Most of the knowledge on falls of older persons has been obtained from oral reports that might be biased in many ways. Fall simulations are widely used to gain insight into circumstances of falls, but the results, at least concerning fall detection, are not convincing. Variation of acceleration and maximum jerk of 5 real-world backward falls of 4 older persons (mean age 68.8 years) were compared to the corresponding signals of simulated backward falls by 18 healthy students. Students were instructed to “fall to the back as if you were a frail old person” during experiment 1. In experiment 2, students were instructed not to fall, if possible, when released from a backward lean. Data acquisition was performed using a tri- axial acceleration sensor. In experiment 1, there was significantly more variation within the acceleration signals and maximum jerk was higher in the real-world falls, compared to the fall simulation. Conversely, all values of acceleration and jerk were higher for the fall simulations, compared to real-world falls in experiment 2. The present findings demonstrate differences between real-world falls and fall simulations. If fall simulations are used, their limitations should be noted and the protocol should be adapted to better match real-world falls.

Comparison of acceleration signals of simulated and real-world backward falls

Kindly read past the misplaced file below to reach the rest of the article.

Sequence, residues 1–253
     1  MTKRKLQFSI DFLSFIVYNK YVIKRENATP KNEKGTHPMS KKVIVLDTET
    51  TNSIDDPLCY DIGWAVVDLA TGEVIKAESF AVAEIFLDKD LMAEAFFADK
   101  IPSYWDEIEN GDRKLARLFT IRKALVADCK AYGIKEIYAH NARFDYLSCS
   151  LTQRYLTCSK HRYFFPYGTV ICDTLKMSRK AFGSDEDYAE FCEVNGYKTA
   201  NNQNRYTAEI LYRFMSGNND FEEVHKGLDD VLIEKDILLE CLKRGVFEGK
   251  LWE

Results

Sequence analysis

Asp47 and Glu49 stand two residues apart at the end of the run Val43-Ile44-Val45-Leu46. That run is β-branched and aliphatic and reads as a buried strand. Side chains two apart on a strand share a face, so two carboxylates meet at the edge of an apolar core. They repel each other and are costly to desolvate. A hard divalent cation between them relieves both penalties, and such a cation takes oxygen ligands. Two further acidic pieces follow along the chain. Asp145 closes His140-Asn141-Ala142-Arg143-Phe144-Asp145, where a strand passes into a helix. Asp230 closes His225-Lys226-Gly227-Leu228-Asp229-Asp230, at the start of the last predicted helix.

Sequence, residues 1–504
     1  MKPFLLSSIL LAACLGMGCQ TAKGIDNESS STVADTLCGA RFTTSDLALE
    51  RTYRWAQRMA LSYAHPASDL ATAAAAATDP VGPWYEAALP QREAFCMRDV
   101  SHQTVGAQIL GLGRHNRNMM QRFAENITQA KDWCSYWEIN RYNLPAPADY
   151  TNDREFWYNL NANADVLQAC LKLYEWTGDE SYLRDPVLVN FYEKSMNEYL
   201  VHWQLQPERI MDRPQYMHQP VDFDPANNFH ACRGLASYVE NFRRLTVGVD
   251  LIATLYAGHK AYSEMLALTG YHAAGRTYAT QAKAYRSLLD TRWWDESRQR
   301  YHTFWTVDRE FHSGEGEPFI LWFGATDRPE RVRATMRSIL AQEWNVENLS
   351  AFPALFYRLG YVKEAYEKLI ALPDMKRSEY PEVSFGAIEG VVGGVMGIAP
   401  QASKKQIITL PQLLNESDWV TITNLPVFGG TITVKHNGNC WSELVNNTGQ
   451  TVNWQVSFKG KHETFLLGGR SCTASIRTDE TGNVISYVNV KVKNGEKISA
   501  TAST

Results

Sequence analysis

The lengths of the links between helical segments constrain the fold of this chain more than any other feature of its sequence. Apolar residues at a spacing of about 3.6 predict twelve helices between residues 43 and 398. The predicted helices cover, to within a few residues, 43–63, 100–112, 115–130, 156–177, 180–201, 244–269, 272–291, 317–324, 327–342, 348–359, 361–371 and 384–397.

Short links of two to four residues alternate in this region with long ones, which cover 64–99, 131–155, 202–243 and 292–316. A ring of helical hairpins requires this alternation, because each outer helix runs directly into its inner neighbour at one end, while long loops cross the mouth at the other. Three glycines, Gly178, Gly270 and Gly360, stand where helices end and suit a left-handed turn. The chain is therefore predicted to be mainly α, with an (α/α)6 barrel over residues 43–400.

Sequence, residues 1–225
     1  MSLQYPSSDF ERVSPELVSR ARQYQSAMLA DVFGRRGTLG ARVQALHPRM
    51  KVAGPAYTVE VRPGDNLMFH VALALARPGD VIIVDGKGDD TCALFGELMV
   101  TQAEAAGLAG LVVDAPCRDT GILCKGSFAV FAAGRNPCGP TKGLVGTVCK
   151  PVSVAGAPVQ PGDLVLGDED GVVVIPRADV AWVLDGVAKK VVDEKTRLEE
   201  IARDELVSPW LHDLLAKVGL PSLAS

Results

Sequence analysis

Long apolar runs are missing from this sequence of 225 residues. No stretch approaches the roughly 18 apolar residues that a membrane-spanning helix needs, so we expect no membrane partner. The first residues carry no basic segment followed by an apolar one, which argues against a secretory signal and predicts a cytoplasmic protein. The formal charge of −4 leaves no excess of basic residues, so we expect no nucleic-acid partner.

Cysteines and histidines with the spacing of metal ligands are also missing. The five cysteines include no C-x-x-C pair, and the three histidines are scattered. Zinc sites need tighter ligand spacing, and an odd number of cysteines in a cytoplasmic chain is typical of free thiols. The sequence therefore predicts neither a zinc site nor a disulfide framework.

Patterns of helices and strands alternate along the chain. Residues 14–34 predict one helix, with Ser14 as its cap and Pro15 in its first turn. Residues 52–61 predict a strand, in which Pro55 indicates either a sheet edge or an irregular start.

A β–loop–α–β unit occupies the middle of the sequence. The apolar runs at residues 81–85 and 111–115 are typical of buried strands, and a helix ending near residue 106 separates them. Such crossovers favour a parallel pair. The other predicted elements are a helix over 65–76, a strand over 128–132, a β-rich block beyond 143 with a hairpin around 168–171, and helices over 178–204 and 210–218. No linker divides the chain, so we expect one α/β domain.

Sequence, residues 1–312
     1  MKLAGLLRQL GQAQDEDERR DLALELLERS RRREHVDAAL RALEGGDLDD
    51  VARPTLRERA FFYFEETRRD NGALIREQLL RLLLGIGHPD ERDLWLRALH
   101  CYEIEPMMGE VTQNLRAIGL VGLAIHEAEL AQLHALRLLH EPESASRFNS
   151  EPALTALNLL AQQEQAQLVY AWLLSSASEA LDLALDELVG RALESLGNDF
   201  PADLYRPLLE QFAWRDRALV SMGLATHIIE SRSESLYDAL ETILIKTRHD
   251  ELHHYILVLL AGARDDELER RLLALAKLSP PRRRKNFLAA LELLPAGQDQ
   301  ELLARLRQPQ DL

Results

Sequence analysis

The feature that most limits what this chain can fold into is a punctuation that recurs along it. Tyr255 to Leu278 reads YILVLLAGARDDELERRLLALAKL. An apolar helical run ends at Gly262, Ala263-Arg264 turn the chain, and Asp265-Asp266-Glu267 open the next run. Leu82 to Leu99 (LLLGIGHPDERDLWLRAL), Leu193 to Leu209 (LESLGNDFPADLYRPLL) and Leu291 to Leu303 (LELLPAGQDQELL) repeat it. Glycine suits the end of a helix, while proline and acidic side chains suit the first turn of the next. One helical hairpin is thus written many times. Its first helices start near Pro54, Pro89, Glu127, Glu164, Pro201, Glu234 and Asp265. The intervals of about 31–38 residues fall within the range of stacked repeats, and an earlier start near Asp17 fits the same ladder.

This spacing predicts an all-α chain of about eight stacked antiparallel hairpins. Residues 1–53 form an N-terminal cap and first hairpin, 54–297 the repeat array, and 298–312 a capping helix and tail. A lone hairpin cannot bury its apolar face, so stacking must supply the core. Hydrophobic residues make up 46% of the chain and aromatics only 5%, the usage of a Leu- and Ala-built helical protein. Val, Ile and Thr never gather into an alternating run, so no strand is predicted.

CHIARI, LORENZO;
2011

Abstract

Most of the knowledge on falls of older persons has been obtained from oral reports that might be biased in many ways. Fall simulations are widely used to gain insight into circumstances of falls, but the results, at least concerning fall detection, are not convincing. Variation of acceleration and maximum jerk of 5 real-world backward falls of 4 older persons (mean age 68.8 years) were compared to the corresponding signals of simulated backward falls by 18 healthy students. Students were instructed to “fall to the back as if you were a frail old person” during experiment 1. In experiment 2, students were instructed not to fall, if possible, when released from a backward lean. Data acquisition was performed using a tri- axial acceleration sensor. In experiment 1, there was significantly more variation within the acceleration signals and maximum jerk was higher in the real-world falls, compared to the fall simulation. Conversely, all values of acceleration and jerk were higher for the fall simulations, compared to real-world falls in experiment 2. The present findings demonstrate differences between real-world falls and fall simulations. If fall simulations are used, their limitations should be noted and the protocol should be adapted to better match real-world falls.
J. Klenk; C. Becker; F. Lieken; S. Nicolai; W. Maetzler; W. Alt; W. Zijlstra; J.M. Hausdorff; R.C. van Lummel; L. Chiari; U. Lindemann
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Utilizza questo identificativo per citare o creare un link a questo documento: http://hdl.handle.net/11585/96778
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